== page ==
180 research outputs found

    Prion Infectivity and PrPBSE in the Peripheral and Central Nervous System of Cattle 8 Months Post Oral BSE Challenge

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    After oral exposure of cattle with classical bovine spongiform encephalopathy (C-BSE), the infectious agent ascends from the gut to the central nervous system (CNS) primarily via the autonomic nervous system. However, the timeline of this progression has thus far remained widely undetermined. Previous studies were focused on later time points after oral exposure of animals that were already 4 to 6 months old when challenged. In contrast, in this present study, we have orally inoculated 4 to 6 weeks old unweaned calves with high doses of BSE to identify any possible BSE infectivity and/or PrPBSE in peripheral nervous tissues during the first eight months postinoculation (mpi). For the detection of BSE infectivity, we used a bovine PrP transgenic mouse bioassay, while PrPBSE depositions were analyzed by immunohistochemistry (IHC) and by protein misfolding cyclic amplification (PMCA). We were able to show that as early as 8 mpi the thoracic spinal cord as well as the parasympathetic nodal ganglion of these animals contained PrPBSE and BSE infectivity. This shows that the centripetal prion spread starts early after challenge at least in this age group, which represents an essential piece of information for the risk assessments for food, feed, and pharmaceutical products produced from young calves

    Prion Infectivity and PrPBSE in the Peripheral and Central Nervous System of Cattle 8 Months Post Oral BSE Challenge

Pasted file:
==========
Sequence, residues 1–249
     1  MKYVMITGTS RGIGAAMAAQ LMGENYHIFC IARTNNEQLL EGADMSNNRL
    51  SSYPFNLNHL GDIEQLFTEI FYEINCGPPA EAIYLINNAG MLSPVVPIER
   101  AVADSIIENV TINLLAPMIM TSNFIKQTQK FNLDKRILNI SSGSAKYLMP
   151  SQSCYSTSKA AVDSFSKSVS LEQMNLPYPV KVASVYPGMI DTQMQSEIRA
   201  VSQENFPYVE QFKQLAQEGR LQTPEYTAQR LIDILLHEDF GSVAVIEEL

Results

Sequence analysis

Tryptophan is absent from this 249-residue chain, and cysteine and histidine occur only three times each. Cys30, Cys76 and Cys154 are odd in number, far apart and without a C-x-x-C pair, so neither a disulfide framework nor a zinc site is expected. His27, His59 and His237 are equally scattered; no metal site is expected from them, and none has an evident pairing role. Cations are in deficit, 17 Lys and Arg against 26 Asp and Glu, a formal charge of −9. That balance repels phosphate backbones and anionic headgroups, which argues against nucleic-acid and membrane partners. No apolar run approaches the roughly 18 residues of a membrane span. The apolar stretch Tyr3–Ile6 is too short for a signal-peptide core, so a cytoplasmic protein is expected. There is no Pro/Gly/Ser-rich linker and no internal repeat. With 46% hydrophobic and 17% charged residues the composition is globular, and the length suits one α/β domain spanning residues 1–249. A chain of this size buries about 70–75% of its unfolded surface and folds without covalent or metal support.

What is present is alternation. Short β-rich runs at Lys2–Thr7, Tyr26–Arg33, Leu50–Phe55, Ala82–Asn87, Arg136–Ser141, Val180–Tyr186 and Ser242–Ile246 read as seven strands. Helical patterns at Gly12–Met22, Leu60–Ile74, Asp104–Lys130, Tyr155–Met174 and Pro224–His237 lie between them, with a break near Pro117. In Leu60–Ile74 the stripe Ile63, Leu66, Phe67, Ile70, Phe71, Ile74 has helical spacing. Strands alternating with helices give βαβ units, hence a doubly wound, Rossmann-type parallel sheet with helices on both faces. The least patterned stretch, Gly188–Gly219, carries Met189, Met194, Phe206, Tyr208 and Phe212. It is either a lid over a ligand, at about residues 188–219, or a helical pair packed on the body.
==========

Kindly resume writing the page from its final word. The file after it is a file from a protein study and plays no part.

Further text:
No full text
    After oral exposure of cattle with classical bovine spongiform encephalopathy (C-BSE), the infectious agent ascends from the gut to the central nervous system (CNS) primarily via the autonomic nervous system. However, the timeline of this progression has thus far remained widely undetermined. Previous studies were focused on later time points after oral exposure of animals that were already 4 to 6 months old when challenged. In contrast, in this present study, we have orally inoculated 4 to 6 weeks old unweaned calves with high doses of BSE to identify any possible BSE infectivity and/or PrPBSE in peripheral nervous tissues during the first eight months postinoculation (mpi). For the detection of BSE infectivity, we used a bovine PrP transgenic mouse bioassay, while PrPBSE depositions were analyzed by immunohistochemistry (IHC) and by protein misfolding cyclic amplification (PMCA). We were able to show that as early as 8 mpi the thoracic spinal cord as well as the parasympathetic nodal ganglion of these animals contained PrPBSE and BSE infectivity. This shows that the centripetal prion spread starts early after challenge at least in this age group, which represents an essential piece of information for the risk assessments for food, feed, and pharmaceutical products produced from young calves

    Annual (2023) taxonomic update of RNA-directed RNA polymerase-encoding negative-sense RNA viruses (realm Riboviria: kingdom Orthornavirae: phylum Negarnaviricota)